I have a AMC Hornet It runs like a million...
I have a 1972 AMC Hornet. It runs like a million and still looks good enough to make me proud. But there is trouble with the left turn signal. When the weather is warm, or it has been in the garage, it works fine. But when the weather is cold, the light comes on, but won't blink. I've had it to three garages, and none of them have figured it out. I have replaced the bulb, flasher, and fuse, and had the wiring checked. What do you suggest? P.S. I love your humor and wouldn't miss reading your advice!
TOM: We knew you had a sense of humor, Mary. You'd HAVE to have a sense of humor to say you're proud of a '72 Hornet!
RAY: Here's the story, Mary. When the turn signal lights up, but doesn't flash, that means that there's too much resistance in the circuit. A bad bulb is enough to increase the resistance and cause this kind of problem. But we know that it's not the bulb because you've already changed it.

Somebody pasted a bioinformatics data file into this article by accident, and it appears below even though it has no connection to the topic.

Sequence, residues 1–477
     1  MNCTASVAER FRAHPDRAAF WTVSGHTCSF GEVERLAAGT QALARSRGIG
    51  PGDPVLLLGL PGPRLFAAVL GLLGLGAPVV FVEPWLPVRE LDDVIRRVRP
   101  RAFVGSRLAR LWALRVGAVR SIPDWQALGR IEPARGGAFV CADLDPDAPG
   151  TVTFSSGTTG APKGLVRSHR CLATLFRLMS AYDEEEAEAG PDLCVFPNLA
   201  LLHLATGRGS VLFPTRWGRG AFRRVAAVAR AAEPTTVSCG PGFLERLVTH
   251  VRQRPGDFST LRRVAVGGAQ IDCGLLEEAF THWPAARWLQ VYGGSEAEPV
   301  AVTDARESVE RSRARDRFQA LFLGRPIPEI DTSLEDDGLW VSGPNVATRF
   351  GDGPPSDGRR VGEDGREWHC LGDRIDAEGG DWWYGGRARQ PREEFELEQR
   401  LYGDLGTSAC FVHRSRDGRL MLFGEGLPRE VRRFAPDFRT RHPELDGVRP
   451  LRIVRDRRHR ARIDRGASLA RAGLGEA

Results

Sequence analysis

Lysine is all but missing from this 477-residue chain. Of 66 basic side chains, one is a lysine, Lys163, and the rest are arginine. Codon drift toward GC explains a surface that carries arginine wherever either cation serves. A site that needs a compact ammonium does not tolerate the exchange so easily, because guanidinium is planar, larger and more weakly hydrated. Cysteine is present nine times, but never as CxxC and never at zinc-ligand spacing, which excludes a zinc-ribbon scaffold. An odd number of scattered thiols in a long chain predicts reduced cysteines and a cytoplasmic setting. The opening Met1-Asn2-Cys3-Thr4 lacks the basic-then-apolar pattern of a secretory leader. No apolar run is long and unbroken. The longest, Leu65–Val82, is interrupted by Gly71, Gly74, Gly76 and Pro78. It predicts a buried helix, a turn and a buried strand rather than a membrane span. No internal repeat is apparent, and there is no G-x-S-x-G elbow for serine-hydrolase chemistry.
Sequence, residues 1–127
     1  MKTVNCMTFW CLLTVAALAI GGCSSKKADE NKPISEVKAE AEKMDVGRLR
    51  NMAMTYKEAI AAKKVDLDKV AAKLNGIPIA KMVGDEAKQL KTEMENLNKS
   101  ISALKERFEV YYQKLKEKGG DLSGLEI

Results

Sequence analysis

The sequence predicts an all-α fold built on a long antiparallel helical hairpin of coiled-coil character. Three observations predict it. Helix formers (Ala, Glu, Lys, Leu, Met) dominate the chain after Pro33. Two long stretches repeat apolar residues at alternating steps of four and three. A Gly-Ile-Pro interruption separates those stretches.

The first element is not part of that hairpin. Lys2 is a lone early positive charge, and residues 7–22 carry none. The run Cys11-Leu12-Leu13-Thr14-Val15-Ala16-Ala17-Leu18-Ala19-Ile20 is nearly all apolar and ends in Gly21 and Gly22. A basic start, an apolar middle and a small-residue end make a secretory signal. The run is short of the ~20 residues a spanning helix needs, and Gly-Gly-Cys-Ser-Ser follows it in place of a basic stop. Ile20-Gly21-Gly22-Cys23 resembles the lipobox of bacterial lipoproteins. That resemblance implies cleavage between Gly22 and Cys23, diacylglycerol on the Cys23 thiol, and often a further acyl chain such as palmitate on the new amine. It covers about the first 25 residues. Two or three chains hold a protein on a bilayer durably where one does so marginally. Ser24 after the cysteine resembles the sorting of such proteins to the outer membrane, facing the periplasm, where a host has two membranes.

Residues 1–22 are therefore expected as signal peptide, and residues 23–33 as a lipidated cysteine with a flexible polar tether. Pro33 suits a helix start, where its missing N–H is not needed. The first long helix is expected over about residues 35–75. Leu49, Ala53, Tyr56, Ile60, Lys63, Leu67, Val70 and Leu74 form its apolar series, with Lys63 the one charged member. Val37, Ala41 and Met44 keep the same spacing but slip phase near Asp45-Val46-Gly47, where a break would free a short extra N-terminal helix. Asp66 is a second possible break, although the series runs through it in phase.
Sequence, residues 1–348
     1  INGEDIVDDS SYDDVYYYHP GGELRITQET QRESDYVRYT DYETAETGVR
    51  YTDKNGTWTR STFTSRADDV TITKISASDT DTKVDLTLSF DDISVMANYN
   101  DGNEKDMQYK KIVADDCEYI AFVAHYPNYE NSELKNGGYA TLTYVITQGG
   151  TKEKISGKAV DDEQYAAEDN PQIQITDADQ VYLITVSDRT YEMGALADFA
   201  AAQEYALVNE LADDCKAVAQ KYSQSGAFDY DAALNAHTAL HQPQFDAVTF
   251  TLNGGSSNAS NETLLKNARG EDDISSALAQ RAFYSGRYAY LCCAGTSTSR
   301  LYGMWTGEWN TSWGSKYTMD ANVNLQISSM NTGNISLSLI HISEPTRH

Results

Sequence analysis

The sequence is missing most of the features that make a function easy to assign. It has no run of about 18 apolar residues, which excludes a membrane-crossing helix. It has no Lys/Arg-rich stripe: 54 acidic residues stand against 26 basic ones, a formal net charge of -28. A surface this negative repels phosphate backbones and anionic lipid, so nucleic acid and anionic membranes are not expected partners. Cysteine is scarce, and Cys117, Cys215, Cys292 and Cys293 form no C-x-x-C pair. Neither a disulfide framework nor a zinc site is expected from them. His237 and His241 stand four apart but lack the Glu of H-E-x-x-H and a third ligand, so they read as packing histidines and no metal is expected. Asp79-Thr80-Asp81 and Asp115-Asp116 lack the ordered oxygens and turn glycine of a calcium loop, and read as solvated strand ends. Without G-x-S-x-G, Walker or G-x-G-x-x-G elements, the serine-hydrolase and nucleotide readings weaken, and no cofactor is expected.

TOM: So the next thing I'd check would be the bulb socket. It's quite common for a bulb socket--especially in an older heap like this--to get rusty and corroded. That means there's less metal-to-metal contact than there should be. And, as you know, when things get cold, they shrink. So the socket may be shrinking in cold weather and losing whatever good contact is left.
RAY: If that's not it, it may be a loose or rusted ground connection that's also being affected by cold weather shrinkage. Your mechanics haven't been able to find the problem because they've been working on the car in the garage, where it's what? Warm!
TOM: So here's what you have to do, Mary. Next time the forecast calls for six degree temperatures, leave the car outside your mechanics' garage overnight. The next morning, tell them to put on their Bronko Nagurski long underwear and take a test light outside and check out the circuit. It should be easy to solve. And I can tell you from personal experience, the colder it is out there, the faster they'll figure it out. Good luck, Mary.